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Greg Steube files fireworks legalization bill

in Statewide by

Sis-boom-bah: state Sen. Greg Steube has filed legislation to legalize consumer fireworks in Florida.

Steube, the Sarasota Republican who chairs the Senate Judiciary Committee, filed his bill (SB 324) Tuesday.

The legislation appears to be identical to a bill (HB 4005) filed for the 2014 Legislative Session by then-state Rep. Matt Gaetz, a Fort Walton Beach Republican. That bill died in committee, records show.

Similar to Gaetz’s effort, Steube’s bill would repeal the prohibition on selling fireworks to the general public.

It also would remove requirements for testing and approval of sparklers and relieve those who make and sell sparklers from having to register with the state.

Although you can buy fireworks in the state, they’re not actually legal here. 

Retail sales are allowed only because of a 60-year-old loophole in the law, the only known one of its kind in the country. It allows “fireworks … to be used solely and exclusively in frightening birds from agricultural works and fish hatcheries.”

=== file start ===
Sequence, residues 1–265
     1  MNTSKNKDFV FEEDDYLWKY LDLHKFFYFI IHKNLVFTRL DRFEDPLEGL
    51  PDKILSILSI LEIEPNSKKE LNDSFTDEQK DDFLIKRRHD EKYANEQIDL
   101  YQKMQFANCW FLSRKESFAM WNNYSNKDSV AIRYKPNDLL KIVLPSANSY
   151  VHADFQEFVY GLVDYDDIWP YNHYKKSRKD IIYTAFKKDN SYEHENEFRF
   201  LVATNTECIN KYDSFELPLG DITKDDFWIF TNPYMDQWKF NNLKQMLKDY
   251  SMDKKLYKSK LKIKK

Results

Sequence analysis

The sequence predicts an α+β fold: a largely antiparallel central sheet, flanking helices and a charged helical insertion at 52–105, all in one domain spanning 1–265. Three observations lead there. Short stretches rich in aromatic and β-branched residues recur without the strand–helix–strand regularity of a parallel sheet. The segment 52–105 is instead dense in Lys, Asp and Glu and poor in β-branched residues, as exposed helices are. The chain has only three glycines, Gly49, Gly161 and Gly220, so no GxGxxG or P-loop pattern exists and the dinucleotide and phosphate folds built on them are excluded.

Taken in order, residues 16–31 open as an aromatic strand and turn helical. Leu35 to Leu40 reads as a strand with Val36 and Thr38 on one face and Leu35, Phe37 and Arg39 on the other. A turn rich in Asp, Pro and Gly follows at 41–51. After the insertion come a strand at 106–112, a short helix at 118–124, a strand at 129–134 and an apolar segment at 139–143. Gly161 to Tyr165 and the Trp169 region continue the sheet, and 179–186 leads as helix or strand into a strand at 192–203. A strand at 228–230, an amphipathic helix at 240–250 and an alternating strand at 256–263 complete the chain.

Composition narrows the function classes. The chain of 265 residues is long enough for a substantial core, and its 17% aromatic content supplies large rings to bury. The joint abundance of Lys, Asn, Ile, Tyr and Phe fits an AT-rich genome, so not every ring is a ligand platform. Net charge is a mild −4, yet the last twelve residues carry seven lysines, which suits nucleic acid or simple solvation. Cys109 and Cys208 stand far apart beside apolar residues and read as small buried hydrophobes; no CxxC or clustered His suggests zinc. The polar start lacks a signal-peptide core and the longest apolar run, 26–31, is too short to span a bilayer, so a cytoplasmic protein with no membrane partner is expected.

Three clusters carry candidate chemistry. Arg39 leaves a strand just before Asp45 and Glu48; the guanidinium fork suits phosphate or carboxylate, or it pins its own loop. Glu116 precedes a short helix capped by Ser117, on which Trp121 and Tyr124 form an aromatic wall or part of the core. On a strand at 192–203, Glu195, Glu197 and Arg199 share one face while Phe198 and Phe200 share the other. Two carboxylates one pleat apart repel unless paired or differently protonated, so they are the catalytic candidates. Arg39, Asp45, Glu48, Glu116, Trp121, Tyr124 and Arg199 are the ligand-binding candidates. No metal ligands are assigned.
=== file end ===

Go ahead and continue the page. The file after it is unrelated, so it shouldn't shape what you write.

Anyone who has bought fireworks from a roadside tent over the years may remember signing a form acknowledging the buyer falls under an agricultural, fisheries or other exemption.

Fireworks can also be used for “signal purposes or illumination” of a railroad or quarry, “for signal or ceremonial purposes in athletics or sports, or for use by military organizations.”

Enforcement is up to local police and fire agencies, and case law says fireworks vendors aren’t responsible for verifying buyers actually intend to chase off egrets or light up a track meet.

As recently as 2016, only three states have outright bans on consumer fireworks: Delaware, Maine, and New Jersey, according to the American Pyrotechnic Association.

Before joining Florida Politics, journalist and attorney James Rosica was state government reporter for The Tampa Tribune. He attended journalism school in Washington, D.C., working at dailies and weekly papers in Philadelphia after graduation. Rosica joined the Tallahassee Democrat in 1997, later moving to the courts beat, where he reported on the 2000 presidential recount. In 2005, Rosica left journalism to attend law school in Philadelphia, afterwards working part time for a public-interest law firm. Returning to writing, he covered three legislative sessions in Tallahassee for The Associated Press, before joining the Tribune’s re-opened Tallahassee bureau in 2013. He can be reached at

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